Importing .sdtid files with stoken

So this morning I was kindly reminded again by my corporate IT overlords that my RSA soft token was going to be expiring in 9 days. Having had this token in place for a year now I had forgotten how to update it.

After a few minutes I recalled that the trick was as simple as

stoken import --file <my>.sdtid

Well that’s simple, except for the fact that in my case, this failed. After a quick bit of googling around I found that version 0.2 (which ships with my release of ubuntu) incorrectly identifies where the tokens are within the sdtid files resulting in an annoying error:

error: no valid token in file '<my>.sdtid': General failure

UGH! Well the solution is simple here. After a quick upgrade to 0.90 I’ve had no problems importing since.

Update: Kubuntu 15.10

Well after a few days of usage I found some major problems which prevented me from adopting Kubuntu 15.10 with the lovely Plasma 5 setup.

  1. Auto mount of NFS shares is broken again
  2. Desktop backgrounds are locked to a single background image
  3. Auto mount of random key encrypted swap is broken
  4. After a day or so of uptime, Plasma 5 starts to bog down
  5. A lot of the plasma widgets are a step backwards, they’re ugly, or poorly laid out vs the older Plasma 4 widgets

I’m hoping that these issues get resolved, as Plasma 5 and the new layouts and themes were a whole lot prettier than Plasma 4, however since I can’t use it everyday successfully and without aggravation I decided to restore my backup.

Getting the Nvidia distribution drivers installed with Ubuntu 14.10 and possibly later

So do to the fact that my HTPC died, and I didn’t want to restore the OS from a backup, I opted instead to install a fresh (and reasonably modern) version of Kubuntu. Once installed I quickly ran into problems with the binary video driver installation. Yes, yes, I realize that I could simply instruct Kubuntu (or Ubuntu) to utilize the Canonical tracked binary drivers, however they’re always generally behind quiet a few versions, and for this system I like running the bleeding edge.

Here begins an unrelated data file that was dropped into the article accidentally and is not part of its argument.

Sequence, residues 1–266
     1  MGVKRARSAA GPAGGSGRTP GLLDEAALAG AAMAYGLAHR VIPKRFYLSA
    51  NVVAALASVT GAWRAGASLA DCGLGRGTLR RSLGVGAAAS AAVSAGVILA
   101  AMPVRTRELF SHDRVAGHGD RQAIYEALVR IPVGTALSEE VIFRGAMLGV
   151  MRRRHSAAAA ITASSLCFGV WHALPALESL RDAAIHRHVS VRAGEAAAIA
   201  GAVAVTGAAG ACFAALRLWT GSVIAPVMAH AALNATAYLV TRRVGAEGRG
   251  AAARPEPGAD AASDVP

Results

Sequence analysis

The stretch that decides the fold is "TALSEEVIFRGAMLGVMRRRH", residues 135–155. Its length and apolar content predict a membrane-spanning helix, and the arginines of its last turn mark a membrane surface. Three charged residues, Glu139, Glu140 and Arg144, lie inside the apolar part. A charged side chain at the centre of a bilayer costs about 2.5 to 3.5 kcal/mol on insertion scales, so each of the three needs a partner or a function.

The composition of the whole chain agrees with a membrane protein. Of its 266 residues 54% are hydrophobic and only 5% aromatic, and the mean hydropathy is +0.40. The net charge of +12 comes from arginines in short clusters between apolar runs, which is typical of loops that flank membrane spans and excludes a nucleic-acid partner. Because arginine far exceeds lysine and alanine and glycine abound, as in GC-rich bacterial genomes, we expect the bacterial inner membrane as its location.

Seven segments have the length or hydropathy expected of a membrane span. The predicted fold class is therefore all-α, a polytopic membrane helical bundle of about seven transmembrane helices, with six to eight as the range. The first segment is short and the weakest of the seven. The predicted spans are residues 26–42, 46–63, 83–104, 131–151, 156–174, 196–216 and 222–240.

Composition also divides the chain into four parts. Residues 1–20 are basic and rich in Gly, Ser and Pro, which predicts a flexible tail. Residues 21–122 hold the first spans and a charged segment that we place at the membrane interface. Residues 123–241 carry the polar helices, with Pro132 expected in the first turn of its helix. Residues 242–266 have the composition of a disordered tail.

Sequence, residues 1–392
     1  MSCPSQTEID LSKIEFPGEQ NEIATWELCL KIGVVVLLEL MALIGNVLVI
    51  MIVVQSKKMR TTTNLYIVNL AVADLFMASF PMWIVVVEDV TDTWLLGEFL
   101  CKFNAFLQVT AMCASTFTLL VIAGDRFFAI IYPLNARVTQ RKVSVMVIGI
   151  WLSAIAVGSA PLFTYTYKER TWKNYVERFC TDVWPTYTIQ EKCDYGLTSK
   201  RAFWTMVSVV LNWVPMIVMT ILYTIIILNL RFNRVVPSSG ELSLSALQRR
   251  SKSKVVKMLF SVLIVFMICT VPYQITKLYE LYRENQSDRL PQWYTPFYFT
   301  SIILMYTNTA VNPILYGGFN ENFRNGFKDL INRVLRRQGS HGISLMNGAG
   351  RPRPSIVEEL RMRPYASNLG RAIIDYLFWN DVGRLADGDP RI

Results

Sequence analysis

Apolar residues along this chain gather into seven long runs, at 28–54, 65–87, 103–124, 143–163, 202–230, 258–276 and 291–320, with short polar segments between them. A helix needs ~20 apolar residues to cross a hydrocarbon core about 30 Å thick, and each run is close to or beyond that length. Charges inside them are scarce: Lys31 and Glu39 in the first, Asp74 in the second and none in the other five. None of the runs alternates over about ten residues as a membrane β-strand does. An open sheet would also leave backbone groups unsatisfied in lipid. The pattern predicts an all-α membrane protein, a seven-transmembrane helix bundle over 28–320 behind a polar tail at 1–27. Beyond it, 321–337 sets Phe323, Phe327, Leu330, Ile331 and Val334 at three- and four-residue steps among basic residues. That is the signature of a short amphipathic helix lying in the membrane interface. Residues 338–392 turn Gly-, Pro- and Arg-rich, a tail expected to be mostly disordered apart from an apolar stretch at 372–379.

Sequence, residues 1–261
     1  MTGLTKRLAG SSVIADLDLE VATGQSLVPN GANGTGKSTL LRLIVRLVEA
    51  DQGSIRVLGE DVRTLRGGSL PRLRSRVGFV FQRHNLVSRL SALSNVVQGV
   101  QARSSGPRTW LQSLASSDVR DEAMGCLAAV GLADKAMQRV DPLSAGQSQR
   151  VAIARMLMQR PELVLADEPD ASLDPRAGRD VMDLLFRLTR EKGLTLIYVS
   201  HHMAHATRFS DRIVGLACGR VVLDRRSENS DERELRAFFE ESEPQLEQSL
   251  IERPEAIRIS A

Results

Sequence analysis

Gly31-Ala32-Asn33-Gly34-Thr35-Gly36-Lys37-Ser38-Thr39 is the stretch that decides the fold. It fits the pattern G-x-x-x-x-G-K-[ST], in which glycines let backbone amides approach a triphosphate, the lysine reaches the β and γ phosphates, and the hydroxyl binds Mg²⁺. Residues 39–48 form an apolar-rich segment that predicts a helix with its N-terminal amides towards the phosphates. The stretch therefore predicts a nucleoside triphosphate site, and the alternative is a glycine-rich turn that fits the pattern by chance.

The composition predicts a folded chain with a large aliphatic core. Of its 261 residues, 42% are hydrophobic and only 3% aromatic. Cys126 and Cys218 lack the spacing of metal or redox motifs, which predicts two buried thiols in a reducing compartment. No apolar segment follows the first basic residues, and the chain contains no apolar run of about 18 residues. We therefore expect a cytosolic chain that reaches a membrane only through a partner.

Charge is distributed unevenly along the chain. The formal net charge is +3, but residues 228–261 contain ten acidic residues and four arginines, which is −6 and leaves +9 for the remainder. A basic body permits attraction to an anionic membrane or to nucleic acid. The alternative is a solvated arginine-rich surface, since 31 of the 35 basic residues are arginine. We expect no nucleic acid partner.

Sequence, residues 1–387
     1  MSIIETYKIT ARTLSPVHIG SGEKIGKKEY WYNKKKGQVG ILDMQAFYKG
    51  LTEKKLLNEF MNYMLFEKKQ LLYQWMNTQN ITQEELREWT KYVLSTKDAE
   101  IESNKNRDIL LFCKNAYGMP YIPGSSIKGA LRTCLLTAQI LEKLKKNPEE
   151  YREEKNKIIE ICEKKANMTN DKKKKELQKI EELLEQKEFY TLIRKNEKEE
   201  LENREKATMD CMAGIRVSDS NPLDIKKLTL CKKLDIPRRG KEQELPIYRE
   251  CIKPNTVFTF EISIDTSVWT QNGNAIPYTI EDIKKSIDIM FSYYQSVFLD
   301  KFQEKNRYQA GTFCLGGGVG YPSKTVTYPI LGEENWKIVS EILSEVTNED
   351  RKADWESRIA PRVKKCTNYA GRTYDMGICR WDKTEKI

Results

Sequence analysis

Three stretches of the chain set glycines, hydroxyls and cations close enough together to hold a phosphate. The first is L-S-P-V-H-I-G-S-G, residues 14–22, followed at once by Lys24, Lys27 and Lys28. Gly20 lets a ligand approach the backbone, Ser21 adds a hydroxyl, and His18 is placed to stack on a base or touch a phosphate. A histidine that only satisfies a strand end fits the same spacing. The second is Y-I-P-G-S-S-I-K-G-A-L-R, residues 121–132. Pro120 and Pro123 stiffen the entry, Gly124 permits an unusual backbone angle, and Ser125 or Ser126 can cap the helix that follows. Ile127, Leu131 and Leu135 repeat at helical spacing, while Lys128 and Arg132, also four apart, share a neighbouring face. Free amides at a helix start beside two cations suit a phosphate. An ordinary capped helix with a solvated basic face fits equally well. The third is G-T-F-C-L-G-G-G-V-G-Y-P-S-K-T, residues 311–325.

So my adventure in Nvidia driver installation begins yet again, a road I’ve been down many times…

Assuming you’ve downloaded the latest binary driver from Nvidia and try to install it you’ll immediately run into problems with the binary installer complaining that:

  • X windows is still running
  • The Nouveau module is loaded
  • The compiler can’t be found
  • 32bit libraries are missing (assuming you’re running 64bit OS like I am)

By far the most frustrating of these is Nouveau. Listen I’m all for open software, however the reality is that Nouveau is a poor substitute for the real deal from Nvidia. Would it be great if Nvidia open sourced their driver? Hell yes, however since they’re not willing to I’m stick using it in a binary format… Anyways, below are the steps I’ve used (recently) to achieve success in installing this driver:

  • Obtain the latest driver from Nvidia
  • Remove the packages xserver-xorg-video-nouveau and xserver-xorg-video-all
sudo dpkg -r xserver-xorg-video-nouveau xserver-xorg-video-all
  • Install the linux-headers package matching your kernel and the dkms package
sudo apt-get install linux-headers-`uname -r` dkms
  • Install GCC and make packages
sudo apt-get install gcc make
  • Install 32bit OpenGL libraries (if you’re running 64bit OS)
apt-get install libgl1-mesa-dri:i386 libgl1-mesa-glx:i386
  • Modify your GRUB configuration to set nomodeset on boot
  • edit: /etc/default/grub and find the line starting with: GRUB_CMDLINE_LINUX_DEFAULT. This usually this looks like:
  • Add nomodeset to it:
GRUB_CMDLINE_LINUX_DEFAULT="quiet splash nomodeset"
  • Save the file and run update-grub
sudo update-grub
  • Reboot

Once rebooted make sure that X windows is shutdown. Usually if X is running on boot in Kubuntu or Ubuntu environments, it’s due to kdm, gdm, or lightdm

sudo stop lightdm

After that, try and run the nvidia binary driver installer and allow it to install the drivers. Hopefully all will go smoothly and your system will be ready to go. Once complete you can simply restart X windows:

sudo start lightdm

Good luck, and if you have problems feel free to let me know in the comments section!

My HTPC finally died…